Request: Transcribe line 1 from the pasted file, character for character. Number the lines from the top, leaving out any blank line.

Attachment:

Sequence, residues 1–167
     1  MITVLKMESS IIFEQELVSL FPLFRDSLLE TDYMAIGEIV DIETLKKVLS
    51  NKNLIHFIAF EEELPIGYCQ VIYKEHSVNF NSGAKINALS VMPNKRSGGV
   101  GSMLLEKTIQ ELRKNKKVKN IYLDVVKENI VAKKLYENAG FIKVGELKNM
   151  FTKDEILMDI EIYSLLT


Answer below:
Sequence, residues 1–167